Monday, February 18, 2013

Alberta tar sands. Wouldn't it be better to just use the gas and forget about the oil?

Keystone XL Pipeline was discussed on Diane Rhem a while back.

They mentioned that a lot of natural gas needs to be burned to cook the tar sands for extracting the oil. I wondered, "why not just use the natural gas for energy, rather than using the natural gas to then produce the oil?" Wouldn't just using the natural gas be better for the environment?

The show moved on to other aspects of the XL Pipeline issue, rather than talking more about the gas used, but I was left with questions. How much natural gas is used for the amount of oil extracted?

Some folks advocating the pipeline see it as a way to keep our economy going while we transition to cleaner energy. For transition fuel to greener energy, wouldn't we be better off just adapting more of our transportation system to burn natural gas instead of petroleum?

Does the oil have to be extracted to produce the gas? Is it really worth it?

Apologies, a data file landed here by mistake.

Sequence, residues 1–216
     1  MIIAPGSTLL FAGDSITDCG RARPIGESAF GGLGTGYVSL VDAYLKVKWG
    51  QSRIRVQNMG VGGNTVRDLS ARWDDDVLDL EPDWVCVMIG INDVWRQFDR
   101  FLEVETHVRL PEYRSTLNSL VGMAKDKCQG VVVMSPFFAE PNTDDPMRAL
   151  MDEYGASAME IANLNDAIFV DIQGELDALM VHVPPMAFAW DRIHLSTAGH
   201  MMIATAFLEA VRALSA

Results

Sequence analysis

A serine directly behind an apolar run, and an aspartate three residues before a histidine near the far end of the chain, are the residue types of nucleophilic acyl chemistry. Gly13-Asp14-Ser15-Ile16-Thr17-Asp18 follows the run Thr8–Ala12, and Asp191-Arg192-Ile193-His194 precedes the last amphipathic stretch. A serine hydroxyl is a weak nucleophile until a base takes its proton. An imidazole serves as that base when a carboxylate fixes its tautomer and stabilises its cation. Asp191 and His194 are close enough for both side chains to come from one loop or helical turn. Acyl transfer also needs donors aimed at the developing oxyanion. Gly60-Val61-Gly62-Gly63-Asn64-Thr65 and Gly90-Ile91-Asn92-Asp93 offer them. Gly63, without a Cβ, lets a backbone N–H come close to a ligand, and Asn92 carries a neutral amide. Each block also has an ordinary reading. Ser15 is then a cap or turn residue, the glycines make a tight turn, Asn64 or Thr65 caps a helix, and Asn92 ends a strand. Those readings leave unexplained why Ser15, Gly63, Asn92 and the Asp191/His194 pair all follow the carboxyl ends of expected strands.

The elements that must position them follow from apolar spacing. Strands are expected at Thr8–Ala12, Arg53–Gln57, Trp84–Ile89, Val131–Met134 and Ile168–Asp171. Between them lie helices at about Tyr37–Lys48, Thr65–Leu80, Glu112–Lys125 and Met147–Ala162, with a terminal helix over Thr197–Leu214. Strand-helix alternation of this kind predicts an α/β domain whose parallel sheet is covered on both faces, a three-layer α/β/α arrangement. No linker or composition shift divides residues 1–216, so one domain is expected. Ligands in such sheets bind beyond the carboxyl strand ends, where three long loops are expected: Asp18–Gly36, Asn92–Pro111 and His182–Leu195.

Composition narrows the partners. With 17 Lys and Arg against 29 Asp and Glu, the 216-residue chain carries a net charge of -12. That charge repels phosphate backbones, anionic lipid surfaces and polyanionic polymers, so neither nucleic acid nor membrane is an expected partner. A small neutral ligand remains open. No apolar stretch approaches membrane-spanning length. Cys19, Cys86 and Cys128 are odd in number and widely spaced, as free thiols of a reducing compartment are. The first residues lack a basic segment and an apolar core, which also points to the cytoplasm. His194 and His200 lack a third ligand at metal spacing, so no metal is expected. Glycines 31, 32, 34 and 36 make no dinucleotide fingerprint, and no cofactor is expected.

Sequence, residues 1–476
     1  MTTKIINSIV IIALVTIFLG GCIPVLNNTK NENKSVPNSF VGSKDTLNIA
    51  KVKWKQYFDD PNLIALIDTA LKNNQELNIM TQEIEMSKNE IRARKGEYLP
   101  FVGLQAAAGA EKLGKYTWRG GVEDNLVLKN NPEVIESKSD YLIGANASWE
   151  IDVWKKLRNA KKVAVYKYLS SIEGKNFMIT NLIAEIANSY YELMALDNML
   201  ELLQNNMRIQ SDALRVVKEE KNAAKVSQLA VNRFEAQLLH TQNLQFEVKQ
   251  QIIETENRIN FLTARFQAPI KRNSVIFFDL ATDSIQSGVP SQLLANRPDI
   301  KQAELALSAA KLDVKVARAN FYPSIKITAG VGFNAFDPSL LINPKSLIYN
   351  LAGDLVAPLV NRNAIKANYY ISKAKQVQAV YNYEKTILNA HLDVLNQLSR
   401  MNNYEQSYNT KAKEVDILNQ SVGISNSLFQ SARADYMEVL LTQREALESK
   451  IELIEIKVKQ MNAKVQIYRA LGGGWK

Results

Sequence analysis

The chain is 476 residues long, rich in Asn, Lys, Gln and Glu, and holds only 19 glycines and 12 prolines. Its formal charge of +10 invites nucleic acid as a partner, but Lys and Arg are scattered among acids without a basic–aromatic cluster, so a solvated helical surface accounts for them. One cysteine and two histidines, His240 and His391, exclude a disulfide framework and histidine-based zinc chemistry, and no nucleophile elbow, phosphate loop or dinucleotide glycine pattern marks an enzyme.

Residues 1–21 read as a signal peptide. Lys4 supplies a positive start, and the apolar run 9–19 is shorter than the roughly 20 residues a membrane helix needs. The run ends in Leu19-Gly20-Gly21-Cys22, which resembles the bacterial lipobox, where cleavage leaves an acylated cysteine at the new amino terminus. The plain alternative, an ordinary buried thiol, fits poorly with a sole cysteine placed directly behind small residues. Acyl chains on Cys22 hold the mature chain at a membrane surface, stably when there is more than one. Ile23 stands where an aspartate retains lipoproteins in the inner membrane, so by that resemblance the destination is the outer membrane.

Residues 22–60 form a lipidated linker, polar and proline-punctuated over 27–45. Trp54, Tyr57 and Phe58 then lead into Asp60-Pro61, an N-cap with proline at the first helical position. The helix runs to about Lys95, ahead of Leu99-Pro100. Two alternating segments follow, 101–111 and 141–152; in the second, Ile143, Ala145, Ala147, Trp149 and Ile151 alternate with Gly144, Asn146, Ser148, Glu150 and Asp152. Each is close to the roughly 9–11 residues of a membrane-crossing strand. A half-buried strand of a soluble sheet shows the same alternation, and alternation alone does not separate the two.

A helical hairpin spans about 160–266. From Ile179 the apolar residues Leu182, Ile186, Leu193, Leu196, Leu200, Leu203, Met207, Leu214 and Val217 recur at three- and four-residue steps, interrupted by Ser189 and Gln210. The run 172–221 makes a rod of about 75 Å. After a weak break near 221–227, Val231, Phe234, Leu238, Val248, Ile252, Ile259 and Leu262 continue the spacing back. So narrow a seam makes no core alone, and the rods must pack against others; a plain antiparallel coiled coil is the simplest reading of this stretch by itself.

Questions for both US and Canadians as the decisions about the tar sands and the pipeline are mulled over.

Some discussion from my Facebook Wall.

Ironically, I was listening to a talk earlier today and the guy was talking about how during the gas shortage of the 70's the oil rigs couldn't get enough gas to make the oil or whatever, I might have my nouns mixed up. But, certainly, there's a point where it seems backwardsly wasteful.

My response: Natural gas could have been used for years as a fuel for the oil pumps. With the tar sands, even more natural gas is used to pump steam into the ground and loosen up the oil. One caller to the show mentioned the law of diminishing returns.

I believe Obama has been making that grand Canada-Texas pipeline anything BUT a reality. It would be a great job creator though. Though, do you think oil prices will go down or there will be more oil here if America suddenly gets direct access to things like that or starts drilling more oil? No, anything America creates will be shipped far away. Like trees in Washington. Do you think they keep them in Bellingham? Only after China has stamped them.